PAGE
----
Solar EV Dock
The Solar Canopy/EV Dock harvests solar energy to power electric or electric/hybrid cars, bikes and scooters. The dock features photovoltaic panels and an integrated conduit through which energy is transferred, either to a power grid or to neighboring buildings.
The canopy was designed to work as a single structure or multiple structures linked back-to-back. When linked back-to-back, the canopies create a shaded corridor for users in the spaces in between. The canopy will also shade vehicles that could be charged over the course of a work day, offsetting the carbon emissions associated with commuting to work.
The Solar Canopy/EV Dock was designed to incorporate a range of photovoltaic technologies at varying orientations to accommodate installations anywhere in the world. Using the industry-standard mono-crystalline PV module, 4000-6000 kWh of carbon-free electricity is generated from a structure covering two vehicles. This generates enough energy to provide up to 30,000 carbon-free miles per year, or about the amount required for a 20-mile, or 30-minute, work commute each way, for both cars over the entire year.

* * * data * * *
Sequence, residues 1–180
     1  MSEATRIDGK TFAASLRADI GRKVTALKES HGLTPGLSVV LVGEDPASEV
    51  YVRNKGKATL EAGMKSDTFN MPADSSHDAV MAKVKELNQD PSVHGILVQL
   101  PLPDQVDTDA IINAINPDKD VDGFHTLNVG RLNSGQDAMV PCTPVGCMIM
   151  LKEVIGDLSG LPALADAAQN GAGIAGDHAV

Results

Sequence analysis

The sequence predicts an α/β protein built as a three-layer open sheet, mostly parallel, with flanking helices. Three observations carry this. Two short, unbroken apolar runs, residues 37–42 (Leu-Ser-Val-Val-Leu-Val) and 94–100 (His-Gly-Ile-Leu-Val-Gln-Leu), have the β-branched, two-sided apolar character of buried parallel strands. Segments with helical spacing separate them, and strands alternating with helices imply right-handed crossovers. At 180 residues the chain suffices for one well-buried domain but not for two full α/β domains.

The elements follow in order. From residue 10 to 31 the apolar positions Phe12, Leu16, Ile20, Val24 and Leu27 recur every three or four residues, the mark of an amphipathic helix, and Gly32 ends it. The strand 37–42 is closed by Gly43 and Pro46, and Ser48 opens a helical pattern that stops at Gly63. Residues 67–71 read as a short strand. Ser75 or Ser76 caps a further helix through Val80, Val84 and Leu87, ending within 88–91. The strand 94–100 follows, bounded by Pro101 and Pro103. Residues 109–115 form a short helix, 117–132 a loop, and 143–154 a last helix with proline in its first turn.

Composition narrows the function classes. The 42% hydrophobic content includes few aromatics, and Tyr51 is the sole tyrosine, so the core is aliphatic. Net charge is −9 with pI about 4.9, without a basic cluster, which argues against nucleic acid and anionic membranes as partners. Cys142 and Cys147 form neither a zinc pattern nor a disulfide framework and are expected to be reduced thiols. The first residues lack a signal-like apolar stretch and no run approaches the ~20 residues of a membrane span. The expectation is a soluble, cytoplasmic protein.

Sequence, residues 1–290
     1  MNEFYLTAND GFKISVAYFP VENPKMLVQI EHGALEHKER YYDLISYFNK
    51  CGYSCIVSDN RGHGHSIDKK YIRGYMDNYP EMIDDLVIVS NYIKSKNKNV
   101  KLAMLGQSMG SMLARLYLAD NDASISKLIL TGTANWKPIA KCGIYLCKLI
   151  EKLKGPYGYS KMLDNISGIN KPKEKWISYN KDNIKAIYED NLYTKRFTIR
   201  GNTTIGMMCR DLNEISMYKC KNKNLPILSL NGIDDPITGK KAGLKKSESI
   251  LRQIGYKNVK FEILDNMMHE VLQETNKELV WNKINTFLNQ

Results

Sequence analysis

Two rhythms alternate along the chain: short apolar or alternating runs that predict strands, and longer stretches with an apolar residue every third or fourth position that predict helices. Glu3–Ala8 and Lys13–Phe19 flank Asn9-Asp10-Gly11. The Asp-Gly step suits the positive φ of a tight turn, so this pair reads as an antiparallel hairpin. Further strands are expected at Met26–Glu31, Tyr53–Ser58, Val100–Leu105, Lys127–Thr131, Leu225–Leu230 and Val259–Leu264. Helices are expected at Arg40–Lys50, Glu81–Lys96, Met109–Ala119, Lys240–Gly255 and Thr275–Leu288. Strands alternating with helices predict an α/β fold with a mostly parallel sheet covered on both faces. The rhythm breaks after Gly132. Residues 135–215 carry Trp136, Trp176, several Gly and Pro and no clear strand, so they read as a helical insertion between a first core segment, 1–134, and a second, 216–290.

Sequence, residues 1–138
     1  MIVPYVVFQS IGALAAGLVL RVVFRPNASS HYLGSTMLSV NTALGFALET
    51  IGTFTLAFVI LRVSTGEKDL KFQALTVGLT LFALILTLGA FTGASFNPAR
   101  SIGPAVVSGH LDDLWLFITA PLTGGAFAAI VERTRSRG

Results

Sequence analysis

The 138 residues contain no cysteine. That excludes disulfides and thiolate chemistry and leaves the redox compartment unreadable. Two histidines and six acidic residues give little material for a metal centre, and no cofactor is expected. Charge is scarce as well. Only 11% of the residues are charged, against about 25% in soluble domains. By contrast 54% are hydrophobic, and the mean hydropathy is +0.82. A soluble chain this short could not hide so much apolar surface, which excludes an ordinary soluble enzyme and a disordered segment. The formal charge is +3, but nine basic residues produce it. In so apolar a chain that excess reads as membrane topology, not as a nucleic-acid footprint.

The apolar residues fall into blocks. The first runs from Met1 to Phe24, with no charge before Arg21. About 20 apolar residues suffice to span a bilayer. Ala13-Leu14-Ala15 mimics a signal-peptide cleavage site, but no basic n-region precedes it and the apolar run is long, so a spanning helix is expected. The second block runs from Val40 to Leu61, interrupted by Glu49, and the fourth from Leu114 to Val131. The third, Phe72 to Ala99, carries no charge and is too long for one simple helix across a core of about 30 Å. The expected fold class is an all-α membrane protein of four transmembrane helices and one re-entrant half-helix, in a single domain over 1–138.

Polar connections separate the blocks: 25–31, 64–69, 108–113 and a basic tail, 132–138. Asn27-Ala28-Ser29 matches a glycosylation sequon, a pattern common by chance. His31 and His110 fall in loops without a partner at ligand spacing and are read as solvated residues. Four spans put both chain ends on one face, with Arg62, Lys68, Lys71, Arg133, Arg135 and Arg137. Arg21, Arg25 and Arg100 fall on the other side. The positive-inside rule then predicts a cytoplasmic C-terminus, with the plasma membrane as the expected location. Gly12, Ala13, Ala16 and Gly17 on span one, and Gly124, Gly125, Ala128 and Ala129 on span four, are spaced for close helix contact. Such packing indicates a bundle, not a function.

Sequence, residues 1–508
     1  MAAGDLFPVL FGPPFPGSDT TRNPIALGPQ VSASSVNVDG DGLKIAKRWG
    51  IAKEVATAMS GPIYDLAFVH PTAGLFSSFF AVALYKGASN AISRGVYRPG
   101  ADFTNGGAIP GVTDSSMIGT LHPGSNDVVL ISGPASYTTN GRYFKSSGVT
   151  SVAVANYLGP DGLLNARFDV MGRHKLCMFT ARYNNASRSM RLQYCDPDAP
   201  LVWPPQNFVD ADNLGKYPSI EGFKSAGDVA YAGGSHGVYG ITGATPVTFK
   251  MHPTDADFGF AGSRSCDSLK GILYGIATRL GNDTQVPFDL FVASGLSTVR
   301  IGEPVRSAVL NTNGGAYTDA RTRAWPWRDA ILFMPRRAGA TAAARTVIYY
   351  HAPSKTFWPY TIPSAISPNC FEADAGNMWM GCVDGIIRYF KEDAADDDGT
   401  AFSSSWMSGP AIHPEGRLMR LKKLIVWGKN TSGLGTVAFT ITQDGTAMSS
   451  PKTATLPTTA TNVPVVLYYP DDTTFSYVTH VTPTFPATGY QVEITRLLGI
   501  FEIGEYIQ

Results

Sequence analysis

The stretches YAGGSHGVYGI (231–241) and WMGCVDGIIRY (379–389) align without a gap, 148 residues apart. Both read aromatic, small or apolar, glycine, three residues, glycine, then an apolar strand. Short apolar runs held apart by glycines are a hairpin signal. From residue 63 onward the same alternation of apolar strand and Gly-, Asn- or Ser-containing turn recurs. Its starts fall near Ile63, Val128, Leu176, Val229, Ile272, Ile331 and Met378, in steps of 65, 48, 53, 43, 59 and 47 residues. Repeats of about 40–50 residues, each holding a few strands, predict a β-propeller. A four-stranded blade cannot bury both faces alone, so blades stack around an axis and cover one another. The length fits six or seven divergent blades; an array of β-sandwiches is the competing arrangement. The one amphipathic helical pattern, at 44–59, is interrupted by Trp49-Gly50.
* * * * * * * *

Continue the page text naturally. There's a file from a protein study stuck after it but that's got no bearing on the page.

In large-scale applications, employee parking lots could be converted into giant plug-in charging stations, with surplus energy donated or sold to the power grid. The canopy also has the potential to collect rainwater, which could irrigate adjacent agricultural or park lands.
The Solar Canopy/EV Dock, which also incorporated a Columb Technologies charge-point system, was viewed by members of the International Olympic Committee during its visit to Chicago on April 5, 2009. Built at Douglas Park, it was recently relocated to Northerly Island, where it is used daily by the City of Chicago to fuel the city’s fleet of electric/hybrid vehicles.